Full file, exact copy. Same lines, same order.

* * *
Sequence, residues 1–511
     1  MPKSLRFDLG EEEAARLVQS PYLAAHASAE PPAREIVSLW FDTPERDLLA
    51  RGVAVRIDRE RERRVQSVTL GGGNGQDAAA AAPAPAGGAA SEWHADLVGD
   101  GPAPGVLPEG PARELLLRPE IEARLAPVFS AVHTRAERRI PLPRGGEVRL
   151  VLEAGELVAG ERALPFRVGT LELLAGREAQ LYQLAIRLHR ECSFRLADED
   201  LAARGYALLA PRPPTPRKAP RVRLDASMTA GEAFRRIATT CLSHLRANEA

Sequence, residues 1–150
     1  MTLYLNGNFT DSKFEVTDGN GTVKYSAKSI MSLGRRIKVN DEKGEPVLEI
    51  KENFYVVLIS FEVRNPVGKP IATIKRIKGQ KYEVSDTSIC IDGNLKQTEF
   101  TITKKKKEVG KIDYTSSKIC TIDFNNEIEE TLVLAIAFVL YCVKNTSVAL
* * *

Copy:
Sequence, residues 1–511
     1  MPKSLRFDLG EEEAARLVQS PYLAAHASAE PPAREIVSLW FDTPERDLLA
    51  RGVAVRIDRE RERRVQSVTL GGGNGQDAAA AAPAPAGGAA SEWHADLVGD
   101  GPAPGVLPEG PARELLLRPE IEARLAPVFS AVHTRAERRI PLPRGGEVRL
   151  VLEAGELVAG ERALPFRVGT LELLAGREAQ LYQLAIRLHR ECSFRLADED
   201  LAARGYALLA PRPPTPRKAP RVRLDASMTA GEAFRRIATT CLSHLRANEA

Sequence, residues 1–150
     1  MTLYLNGNFT DSKFEVTDGN GTVKYSAKSI MSLGRRIKVN DEKGEPVLEI
    51  KENFYVVLIS FEVRNPVGKP IATIKRIKGQ KYEVSDTSIC IDGNLKQTEF
   101  TITKKKKEVG KIDYTSSKIC TIDFNNEIEE TLVLAIAFVL YCVKNTSVAL